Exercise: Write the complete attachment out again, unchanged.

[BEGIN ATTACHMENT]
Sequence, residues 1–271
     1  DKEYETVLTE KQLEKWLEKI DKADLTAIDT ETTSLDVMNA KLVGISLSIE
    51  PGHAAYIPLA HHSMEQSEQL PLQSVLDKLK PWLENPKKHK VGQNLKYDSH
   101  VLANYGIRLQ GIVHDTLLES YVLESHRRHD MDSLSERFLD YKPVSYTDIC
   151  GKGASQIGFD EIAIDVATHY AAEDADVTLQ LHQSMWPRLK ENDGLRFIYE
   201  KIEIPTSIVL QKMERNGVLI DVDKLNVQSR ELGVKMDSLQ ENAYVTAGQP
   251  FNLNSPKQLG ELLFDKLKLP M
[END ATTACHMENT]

Sequence, residues 1–271
     1  DKEYETVLTE KQLEKWLEKI DKADLTAIDT ETTSLDVMNA KLVGISLSIE
    51  PGHAAYIPLA HHSMEQSEQL PLQSVLDKLK PWLENPKKHK VGQNLKYDSH
   101  VLANYGIRLQ GIVHDTLLES YVLESHRRHD MDSLSERFLD YKPVSYTDIC
   151  GKGASQIGFD EIAIDVATHY AAEDADVTLQ LHQSMWPRLK ENDGLRFIYE
   201  KIEIPTSIVL QKMERNGVLI DVDKLNVQSR ELGVKMDSLQ ENAYVTAGQP
   251  FNLNSPKQLG ELLFDKLKLP M